In Japan, food is an art, and shoku-iku is treated as a prerequisite for a healthy lifestyle. It’s no wonder, then, that the country has longevity and the lowest obesity rate of its residents. What is the Japanese food philosophy?
In Japan, special emphasis is placed on education about proper nutrition, diet and physical activity. Already at school, students learn the basic rules of shoku-iku, or Japanese philosophy of nutrition, which requires listening to one’s body, what we need and what we lack. Recognizing signals sent by our body.
That is, their proper preparation. The right dish should be well thought out and contain all the basic ingredients, vitamins and minerals so that the body is provided not only with a dose of energy but also with the right microelements, so that we are full of strength throughout the day. Interestingly, the principles of shoku-iku also mention that the stomach should be filled to 80%, as both overeating and underfeeding do not lead to anything good.
A properly composed diet should be balanced, incorporate different cooking techniques (such as boiling or frying), consist of different forms of dishes and a variety of products. We don’t eat the same thing every day; variety is also to be found in the kitchen.
It is not only what is in a particular dish that is important, but also its surroundings. For the Japanese it is important to eat together, its aesthetic appearance and sharing the prepared dishes (often the elements of the dish are divided into small plates, which can be used and combined freely). Food should be eaten quietly, without rushing. This is an idea that is difficult to realize even in Japan, so it is important to admire even the smallest and most ordinary meal in terms of its structure or taste, pay attention to your senses while eating.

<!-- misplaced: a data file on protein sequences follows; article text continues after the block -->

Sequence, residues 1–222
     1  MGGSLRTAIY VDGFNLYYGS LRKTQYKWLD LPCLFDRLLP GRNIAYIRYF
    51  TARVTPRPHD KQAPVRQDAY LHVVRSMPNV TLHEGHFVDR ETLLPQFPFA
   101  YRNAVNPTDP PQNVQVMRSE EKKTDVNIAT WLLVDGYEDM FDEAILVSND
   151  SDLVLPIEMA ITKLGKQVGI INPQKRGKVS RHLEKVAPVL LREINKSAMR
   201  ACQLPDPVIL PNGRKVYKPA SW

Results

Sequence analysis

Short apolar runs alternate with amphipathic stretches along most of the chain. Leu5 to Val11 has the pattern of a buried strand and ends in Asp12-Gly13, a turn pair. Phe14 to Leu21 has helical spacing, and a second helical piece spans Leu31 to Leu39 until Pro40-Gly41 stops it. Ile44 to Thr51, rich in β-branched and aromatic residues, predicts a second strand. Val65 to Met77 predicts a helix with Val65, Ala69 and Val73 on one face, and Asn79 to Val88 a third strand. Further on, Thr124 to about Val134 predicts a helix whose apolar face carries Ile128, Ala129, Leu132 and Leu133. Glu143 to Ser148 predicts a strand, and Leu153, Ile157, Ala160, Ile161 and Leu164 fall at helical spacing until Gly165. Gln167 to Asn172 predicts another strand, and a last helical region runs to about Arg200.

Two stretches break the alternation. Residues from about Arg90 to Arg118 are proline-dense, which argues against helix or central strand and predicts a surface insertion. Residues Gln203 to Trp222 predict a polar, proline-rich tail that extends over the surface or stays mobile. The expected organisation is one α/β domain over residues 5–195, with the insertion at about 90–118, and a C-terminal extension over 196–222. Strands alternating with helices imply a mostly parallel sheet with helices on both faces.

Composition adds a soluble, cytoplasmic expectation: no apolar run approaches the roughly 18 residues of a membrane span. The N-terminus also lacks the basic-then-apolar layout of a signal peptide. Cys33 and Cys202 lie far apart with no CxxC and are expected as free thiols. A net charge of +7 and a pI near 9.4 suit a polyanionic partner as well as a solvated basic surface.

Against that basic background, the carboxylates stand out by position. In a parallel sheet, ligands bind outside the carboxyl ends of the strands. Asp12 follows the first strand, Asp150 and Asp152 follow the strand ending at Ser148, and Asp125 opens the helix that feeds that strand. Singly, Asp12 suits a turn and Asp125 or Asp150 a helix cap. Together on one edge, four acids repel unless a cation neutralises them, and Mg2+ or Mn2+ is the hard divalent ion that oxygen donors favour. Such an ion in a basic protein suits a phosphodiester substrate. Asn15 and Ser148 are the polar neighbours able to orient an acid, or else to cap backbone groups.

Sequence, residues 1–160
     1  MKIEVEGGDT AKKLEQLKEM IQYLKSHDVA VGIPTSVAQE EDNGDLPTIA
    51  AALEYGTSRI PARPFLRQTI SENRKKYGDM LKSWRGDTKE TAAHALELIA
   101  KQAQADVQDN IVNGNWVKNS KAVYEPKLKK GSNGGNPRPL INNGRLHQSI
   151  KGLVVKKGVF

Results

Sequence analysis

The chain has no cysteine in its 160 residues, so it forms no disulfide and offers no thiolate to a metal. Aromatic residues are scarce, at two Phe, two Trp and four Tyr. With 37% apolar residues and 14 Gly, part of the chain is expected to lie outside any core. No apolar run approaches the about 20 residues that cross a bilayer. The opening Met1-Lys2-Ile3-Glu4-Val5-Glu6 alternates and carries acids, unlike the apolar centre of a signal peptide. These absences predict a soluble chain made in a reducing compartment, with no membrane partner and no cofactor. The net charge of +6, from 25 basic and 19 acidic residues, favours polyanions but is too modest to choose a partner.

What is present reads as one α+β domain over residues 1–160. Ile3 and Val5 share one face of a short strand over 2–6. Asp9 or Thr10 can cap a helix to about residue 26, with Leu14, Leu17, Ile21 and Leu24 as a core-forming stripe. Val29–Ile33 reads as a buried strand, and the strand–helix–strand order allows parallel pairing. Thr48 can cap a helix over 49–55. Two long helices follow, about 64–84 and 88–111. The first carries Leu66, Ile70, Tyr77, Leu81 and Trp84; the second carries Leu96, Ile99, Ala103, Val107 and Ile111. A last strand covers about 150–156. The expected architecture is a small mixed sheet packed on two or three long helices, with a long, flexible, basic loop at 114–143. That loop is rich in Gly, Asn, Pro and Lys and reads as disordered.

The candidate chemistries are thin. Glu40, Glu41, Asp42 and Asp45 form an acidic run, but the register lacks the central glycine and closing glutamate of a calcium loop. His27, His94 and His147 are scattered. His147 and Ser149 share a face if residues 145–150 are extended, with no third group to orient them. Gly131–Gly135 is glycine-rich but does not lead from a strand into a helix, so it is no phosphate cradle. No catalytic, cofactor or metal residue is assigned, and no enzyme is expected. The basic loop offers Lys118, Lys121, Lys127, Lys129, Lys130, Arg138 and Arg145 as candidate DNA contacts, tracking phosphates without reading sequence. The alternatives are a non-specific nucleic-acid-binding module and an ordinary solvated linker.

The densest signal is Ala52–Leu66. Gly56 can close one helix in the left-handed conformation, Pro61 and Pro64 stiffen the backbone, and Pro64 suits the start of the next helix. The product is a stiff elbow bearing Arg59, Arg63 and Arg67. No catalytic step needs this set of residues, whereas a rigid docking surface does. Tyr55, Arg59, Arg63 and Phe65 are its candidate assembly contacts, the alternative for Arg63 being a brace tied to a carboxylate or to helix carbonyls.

The basis of Japanese cuisine is undoubtedly rice. It is used with various additions, often meat or fish. Vegetables, as well as mushrooms and algae, must also be on the table. Grains are often added to dishes to enrich them, dairy products or seasonal fruits are used as snacks. The Japanese diet also consists of physical activity and hydration, which means drinking enough water. All this is to make a person function properly and in a healthy way.
Meals have to be subdued, not exaggerated, and to prepare them one has to use various foodstuffs that are available on the market, so also seasonal and local products. Tradition is very important for Japanese cuisine, but also ecology. In shoku-iku, the Japanese are also taught not to waste food, to minimize waste and to make the most of the given products. It is a fascinating style of minimalism and functionality. Salt must also not be overused.
Above all, the Japanese philosophy of eating teaches a sensible, healthy approach to food. It is not about banning certain dishes, unlike many European diets, or abstaining from food, but about acting in a balanced way. Preparing food and eating it should not be an unpleasant chore, but a pleasure. Shoku-iku allows us to look at the problem of nutrition in a different way, it requires common celebrations of meals, looking at what actually lies on our plate.
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